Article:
The interactive exhibits and programs compiled by the Pink Palace Family of Museums reinforce a mission that has stayed constant for 80 years: to "inspire people to learn how history, science, technology, and nature shape the Mid-South." Attached to Clarence Saunders' mansion built in the 1920s, the museum's permanent exhibits take an eclectic approach to chronicling the past, revealing everything from ancient fossils to contemporary southern history. Inside, visitors can chart the history of Memphis from the early Spanish explorers through the Civil War or walk through a replica of Saunders' original Piggly Wiggly—the country’s first self-service grocery store, and even see a shrunken head. Global adventures are chronicled on a four-story screen at the CTI-IMAX theater, and the Sharpe Planetarium explores the cosmos from the comfort of a 130-seat theater.
Traveling to east Memphis, one can discern the natural side of the Pink Palace Family of Museums. Lichterman Nature Center encompasses 65 acres of lush gardens filled with native wildflowers, trees, and wildlife. The center combines self-guided nature walks with plant sales and educational activities to expose visitors to the natural world.
Metal Museum celebrates the centuries-long tradition of metalwork with exhibits, restoration, and classes. Its exhibitions include in-depth looks at contemporary knife making, kinetic sculpture that imitates the mechanics of the solar system, and solo collections by prominent artists. The museum even gives folks a glimpse into the process by showcasing professional blacksmiths at work. Visitors who are inspired by the fine and intricate lines in a metal sculpture can take a class on metalworking and hone their skills in the on-site foundry. The museum also regularly honors working artists and trains young people to work with diverse materials including hollowware, jewelry, and enameling. Every year, a three-day fundraiser gives folks the chance to have professional artists repair their metal items and see demonstrations by artists from around the country.
Catering to the mid- to mid-mid-life needs of 21- to 40-year-olds, Bravo presents its members with complimentary admission to a dynamic schedule of arts-oriented events featuring an array of artistic media, from photography to live music. Enjoy private tours of unique cultural destinations such as the Stax Museum of American Soul Music (November 10), as well as cinematic and theatrical affairs such as a screening of Trouble Man, accompanied by a live performance of Marvin Gaye's soundtrack (December 10) and an operatic adaptation of A Midsummer Night's Dream (January 20). In addition to their artistic content, many Bravo events also include complimentary hors d'oeuvres, drinks, and other perks usually available only to Burton Gilliam and members of the Illuminati.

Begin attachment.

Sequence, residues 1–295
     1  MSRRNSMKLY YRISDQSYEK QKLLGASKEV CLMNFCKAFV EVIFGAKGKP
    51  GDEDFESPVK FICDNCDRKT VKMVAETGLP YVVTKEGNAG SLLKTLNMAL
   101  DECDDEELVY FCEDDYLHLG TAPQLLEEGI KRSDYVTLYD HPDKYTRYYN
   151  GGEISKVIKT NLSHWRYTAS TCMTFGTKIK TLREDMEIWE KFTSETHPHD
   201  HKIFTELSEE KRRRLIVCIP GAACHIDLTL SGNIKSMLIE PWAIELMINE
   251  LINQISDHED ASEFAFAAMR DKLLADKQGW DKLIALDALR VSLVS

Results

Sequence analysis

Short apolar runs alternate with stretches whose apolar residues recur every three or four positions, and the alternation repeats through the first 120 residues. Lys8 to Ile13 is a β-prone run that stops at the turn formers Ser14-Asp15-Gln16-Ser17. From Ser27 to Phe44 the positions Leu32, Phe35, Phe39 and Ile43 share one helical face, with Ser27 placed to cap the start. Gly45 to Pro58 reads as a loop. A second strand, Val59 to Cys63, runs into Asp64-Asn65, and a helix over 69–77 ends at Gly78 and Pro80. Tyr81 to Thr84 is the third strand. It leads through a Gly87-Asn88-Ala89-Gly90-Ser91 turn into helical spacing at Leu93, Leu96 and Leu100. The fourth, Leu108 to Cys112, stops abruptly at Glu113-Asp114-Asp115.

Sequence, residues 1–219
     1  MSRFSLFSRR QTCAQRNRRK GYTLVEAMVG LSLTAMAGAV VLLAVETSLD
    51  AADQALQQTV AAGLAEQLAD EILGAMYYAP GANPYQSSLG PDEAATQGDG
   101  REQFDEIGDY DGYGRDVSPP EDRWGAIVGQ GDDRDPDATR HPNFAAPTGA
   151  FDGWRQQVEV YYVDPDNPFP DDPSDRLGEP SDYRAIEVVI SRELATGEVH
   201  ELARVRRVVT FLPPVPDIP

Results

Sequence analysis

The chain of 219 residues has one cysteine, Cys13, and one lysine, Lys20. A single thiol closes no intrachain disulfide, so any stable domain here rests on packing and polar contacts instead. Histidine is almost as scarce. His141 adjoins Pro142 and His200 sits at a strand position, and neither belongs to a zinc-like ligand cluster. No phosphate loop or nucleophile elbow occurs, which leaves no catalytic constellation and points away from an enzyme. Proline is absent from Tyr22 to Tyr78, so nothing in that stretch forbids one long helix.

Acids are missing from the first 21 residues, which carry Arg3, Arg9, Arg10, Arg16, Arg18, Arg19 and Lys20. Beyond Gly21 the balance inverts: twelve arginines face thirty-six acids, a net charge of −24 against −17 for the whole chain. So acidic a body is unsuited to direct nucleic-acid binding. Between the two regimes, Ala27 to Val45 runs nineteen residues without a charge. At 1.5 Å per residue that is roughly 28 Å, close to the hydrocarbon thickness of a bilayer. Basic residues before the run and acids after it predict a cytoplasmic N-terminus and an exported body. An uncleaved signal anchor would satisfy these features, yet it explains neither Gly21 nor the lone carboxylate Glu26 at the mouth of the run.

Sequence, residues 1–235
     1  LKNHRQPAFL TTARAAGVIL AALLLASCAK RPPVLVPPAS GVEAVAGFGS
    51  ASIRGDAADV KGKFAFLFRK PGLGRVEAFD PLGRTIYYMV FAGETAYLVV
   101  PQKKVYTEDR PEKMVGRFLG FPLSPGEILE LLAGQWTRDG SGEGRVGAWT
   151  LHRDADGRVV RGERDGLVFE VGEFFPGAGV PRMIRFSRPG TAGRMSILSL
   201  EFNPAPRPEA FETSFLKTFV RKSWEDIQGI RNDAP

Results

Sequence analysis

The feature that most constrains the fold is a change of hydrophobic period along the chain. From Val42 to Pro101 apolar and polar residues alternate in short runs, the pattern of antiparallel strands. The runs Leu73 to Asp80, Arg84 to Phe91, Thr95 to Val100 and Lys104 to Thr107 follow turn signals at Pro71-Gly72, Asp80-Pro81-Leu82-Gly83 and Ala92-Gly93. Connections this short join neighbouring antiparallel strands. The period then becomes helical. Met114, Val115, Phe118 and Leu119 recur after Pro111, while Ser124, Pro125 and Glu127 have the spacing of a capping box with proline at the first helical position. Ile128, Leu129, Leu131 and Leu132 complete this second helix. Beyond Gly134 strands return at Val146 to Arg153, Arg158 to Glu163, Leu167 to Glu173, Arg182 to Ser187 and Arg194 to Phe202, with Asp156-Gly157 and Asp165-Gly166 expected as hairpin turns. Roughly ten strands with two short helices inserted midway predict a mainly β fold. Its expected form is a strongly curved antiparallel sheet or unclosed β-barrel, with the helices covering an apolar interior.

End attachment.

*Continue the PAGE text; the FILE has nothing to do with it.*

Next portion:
For roughly a decade, the museum has been inviting curious rockers and the occasional roller to take a stroll through a musically guided journey through time. What started as an exhibit at the Smithsonian quickly took on a life of its own, developing into an independent museum commemorating the hoots and hollers of a genre. The historical galleries begin at the literal grassroots of the movement, chronicling the field music sung by rural agricultural workers. The galleries continue through the seventies, where a great deal of soul came into the mix and things really started to take off. In between, learn about the iconic label Sun Records, tips on growing a gnarly rock-n-soul beard, and how the music influenced an entire generation during the civil rights revolution.
As the oldest fine-arts museum in Tennessee, the Memphis Brooks Museum of Art schools whippersnapper galleries with breathtaking batches of permanent visual works, as well as traveling showcases from around the globe. With a dual membership, a husband/wife, brother/sister, or Tango/Cash team can delve into the museum’s permanent collection— featuring a potpourri of pieces from artists including Renoir and renowned modernist Nancy Graves—as well as rotating exhibitions that highlight niche fields and master creators. The bounty of membership benefits also includes discounts at the museum store and Brushmark Restaurant, sending art apostles away with full minds, bellies, and shopping bags.
Founded by Jack Belz (chairman and CEO of Belz Enterprises) and Marilyn Belz, the Belz Museum of Asian & Judaic Art has displayed its collection of paintings, sculptures, textiles, and more from Asian and Judaic artisans since 1998, when it was originally called the Peabody Place Museum. Old-school art lovers can spend hours perusing Belz's collection of pieces from the Chinese Qing and other dynasties, including a 19th-century scene intricately carved in ivory tusk, or studying elaborate pottery from the Han dynasty. In addition to the four admissions, the deal also includes four collection catalogs ($6 each), so exhibition scrutinizers can study up on the museum's collections.